Each year, the St. Baldrick’s Foundation picks five kids to serve as Ambassadors. In this role, they represent the thousands of kids affected by childhood cancers and remind us of the importance of supporting childhood cancer research.
Take any group of kids and they’ll all have their own way of talking, their own opinions on books, movies, and video games, their own favorite foods.
But there is one thing the St. Baldrick’s 2019 Ambassadors have in common: childhood cancers. Beyond that, they share the support of loving families and a desire to inspire others to raise money for childhood cancer research.
Our 2019 Ambassadors, from left to right: Aiden, Arianna, Sullivan, Gabby, and Brooke.
With 2018 winding down, it’s time to thank this year’s St. Baldrick’s Ambassadors for their help raising funds and awareness for pediatric cancer research. This group of five kids and their families inspired us with their unique stories of courage and their refusal to give up hope.
We’ll be welcoming a new group of Ambassadors in the new year. For now, let’s check in on the 2018 team to see how they’re doing and what they enjoyed about the Ambassador experience.
Our 2018 Ambassadors, from left: Brooks, Kellan, Maya, Zach, and Julia.
The St. Baldrick’s Speak Up for Kids’ Cancer advocates played an instrumental role in facilitating monumental legislative achievements for kids with cancer in 2018.
Most six-year-old boys spend their time thinking about toys, candy and getting to school on time. Few need to worry about their health at such a young age, and even fewer face the uncertain future following a cancer diagnosis.
Fighting cancer was Zach’s world when he was six. In 2007, he was diagnosed with acute lymphoblastic leukemia, or ALL. Over the next four years, Zach underwent intense and physically demanding treatments like chemotherapy and radiation.
Last year, an estimated 174 million Americans – or more than half the total US population – shopped online or in stores between Thanksgiving and Cyber Monday. In only 5 days, online sales totaled nearly $15 billion. It’s safe to say, then, that many Americans saved money pursuing big bargains that weekend.
If you’re saving money during this year’s Black Friday or Cyber Monday events, consider passing it on this Giving Tuesday, Nov. 27. You can do that right now by visiting our dedicated Giving Tuesday donation page.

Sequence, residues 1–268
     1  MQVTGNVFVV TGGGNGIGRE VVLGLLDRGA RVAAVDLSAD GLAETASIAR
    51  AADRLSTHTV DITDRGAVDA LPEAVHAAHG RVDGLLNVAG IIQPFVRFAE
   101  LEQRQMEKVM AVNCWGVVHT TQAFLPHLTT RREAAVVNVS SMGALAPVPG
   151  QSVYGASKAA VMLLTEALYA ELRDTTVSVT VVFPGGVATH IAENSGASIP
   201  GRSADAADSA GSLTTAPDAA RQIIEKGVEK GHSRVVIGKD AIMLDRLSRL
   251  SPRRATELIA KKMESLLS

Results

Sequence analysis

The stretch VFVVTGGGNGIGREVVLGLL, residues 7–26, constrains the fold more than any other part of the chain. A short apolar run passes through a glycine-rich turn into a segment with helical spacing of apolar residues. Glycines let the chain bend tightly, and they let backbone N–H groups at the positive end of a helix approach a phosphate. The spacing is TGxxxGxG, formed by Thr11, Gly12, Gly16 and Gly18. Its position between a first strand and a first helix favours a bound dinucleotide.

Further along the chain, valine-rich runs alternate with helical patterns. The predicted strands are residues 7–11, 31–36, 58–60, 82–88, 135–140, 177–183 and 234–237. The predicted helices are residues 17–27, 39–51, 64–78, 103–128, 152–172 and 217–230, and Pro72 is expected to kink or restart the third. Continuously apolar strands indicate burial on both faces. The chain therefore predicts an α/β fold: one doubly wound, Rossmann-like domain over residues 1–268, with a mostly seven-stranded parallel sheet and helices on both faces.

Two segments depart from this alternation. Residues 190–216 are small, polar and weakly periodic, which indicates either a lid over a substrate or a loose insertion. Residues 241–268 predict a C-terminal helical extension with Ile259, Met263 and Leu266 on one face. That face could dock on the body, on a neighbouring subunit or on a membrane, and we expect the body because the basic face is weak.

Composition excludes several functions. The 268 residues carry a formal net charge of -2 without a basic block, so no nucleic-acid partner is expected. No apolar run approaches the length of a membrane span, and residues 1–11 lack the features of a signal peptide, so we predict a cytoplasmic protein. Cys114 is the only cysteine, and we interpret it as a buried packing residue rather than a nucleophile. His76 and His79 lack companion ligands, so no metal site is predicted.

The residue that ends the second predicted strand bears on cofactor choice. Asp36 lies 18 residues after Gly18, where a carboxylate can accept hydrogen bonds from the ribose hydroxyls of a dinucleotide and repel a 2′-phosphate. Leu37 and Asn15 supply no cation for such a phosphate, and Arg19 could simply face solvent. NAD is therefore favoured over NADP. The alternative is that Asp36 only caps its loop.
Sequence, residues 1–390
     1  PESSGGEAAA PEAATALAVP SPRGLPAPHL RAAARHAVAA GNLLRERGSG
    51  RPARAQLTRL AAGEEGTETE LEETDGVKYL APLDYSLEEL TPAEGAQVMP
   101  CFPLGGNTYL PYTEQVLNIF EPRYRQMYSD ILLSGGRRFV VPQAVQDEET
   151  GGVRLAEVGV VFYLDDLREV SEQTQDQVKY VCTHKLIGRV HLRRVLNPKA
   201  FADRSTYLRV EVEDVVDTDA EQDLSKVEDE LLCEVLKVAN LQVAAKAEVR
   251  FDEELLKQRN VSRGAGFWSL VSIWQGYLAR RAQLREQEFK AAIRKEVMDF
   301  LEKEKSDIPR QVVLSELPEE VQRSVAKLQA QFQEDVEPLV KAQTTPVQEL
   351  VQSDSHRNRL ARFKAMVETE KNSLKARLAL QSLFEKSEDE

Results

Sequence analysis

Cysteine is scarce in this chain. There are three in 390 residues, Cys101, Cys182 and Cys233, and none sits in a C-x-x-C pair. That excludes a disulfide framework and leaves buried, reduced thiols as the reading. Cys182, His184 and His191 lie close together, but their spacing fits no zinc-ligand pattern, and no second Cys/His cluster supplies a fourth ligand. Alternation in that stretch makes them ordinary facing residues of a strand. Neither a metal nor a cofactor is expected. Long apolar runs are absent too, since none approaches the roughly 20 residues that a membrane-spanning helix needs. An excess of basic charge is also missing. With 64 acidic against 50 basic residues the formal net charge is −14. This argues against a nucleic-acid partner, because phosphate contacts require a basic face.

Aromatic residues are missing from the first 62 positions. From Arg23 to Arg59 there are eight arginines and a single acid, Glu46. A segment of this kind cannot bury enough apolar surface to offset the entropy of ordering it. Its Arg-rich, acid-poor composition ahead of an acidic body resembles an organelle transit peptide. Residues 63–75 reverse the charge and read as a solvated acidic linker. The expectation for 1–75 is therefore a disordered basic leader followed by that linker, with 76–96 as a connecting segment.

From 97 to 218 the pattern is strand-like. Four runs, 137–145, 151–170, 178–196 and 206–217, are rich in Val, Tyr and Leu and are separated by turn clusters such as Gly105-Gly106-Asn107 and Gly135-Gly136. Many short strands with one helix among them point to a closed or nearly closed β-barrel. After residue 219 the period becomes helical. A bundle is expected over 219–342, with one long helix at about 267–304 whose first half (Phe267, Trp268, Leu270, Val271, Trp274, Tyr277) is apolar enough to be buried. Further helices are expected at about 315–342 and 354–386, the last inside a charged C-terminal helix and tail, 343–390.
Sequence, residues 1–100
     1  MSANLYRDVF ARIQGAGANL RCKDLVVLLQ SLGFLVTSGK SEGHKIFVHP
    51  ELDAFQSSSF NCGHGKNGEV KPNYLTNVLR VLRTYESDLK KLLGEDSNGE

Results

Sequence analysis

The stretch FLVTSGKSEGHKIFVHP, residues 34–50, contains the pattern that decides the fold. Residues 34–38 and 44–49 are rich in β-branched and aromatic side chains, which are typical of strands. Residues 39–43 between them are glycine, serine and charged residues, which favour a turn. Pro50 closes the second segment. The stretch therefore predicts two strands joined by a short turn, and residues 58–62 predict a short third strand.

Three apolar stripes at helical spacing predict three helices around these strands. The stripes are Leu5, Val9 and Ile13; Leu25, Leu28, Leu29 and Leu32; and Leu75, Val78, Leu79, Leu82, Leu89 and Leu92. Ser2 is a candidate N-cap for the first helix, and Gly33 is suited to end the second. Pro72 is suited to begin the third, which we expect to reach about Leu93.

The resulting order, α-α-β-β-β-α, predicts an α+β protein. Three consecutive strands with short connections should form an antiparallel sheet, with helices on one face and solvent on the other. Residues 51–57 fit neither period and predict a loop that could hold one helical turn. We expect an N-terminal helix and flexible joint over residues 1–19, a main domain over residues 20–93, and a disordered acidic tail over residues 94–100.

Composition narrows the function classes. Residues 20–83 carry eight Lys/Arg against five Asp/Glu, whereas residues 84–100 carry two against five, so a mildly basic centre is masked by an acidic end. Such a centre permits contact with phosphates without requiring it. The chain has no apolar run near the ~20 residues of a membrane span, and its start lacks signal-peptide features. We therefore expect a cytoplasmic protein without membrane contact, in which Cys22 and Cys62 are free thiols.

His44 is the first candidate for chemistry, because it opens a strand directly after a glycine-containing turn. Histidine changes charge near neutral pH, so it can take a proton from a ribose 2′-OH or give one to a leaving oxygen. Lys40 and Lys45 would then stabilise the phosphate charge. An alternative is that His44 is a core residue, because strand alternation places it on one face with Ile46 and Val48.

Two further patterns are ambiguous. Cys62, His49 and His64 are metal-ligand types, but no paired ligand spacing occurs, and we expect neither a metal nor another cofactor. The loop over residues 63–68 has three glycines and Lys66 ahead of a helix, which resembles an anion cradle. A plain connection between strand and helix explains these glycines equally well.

We talk a lot about how childhood cancer affects the family. But what about the siblings, specifically? 2016 Ambassador Cheyenne’s mom opens up about how her 5-year-old son, Tristen, copes with his big sister’s childhood cancer journey, and how she and her husband balance their children’s needs.
It’s September. This is a big month for those of us in the childhood cancer community.
If you know anyone impacted by childhood cancer, I am sure your Facebook feed is blowing up with heart wrenching facts about how underfunded the research is and how rare childhood cancer ISN’T.
One thing that tends to be forgotten is how childhood cancer impacts the rest of the family. Most specifically, the siblings.
Benny and his family were on vacation in Orlando when a severe headache and vomiting landed him in the ER. A simple CT scan revealed he had a tumor in the back of his brain.
Abby was first diagnosed with Ph+ ALL, a rare and aggressive type of leukemia, in February 2011. Soon, Abby was on a unique combination chemotherapy treatment available to her because of St. Baldrick’s-funded research.
Emily’s nickname as a camp counselor is “Sunshine,” and for good reason.
Diagnosed with acute promyelocytic leukemia in April 2016, Emily has kept a sunny attitude, despite a devastating diagnosis and a risky treatment plan.
It started with a swollen eye that wouldn’t get better. Then, Princeton’s parents found a large, hard lump on the side of his head. In late December 2011, at 2 years old, Princeton was diagnosed with stage 4 neuroblastoma.
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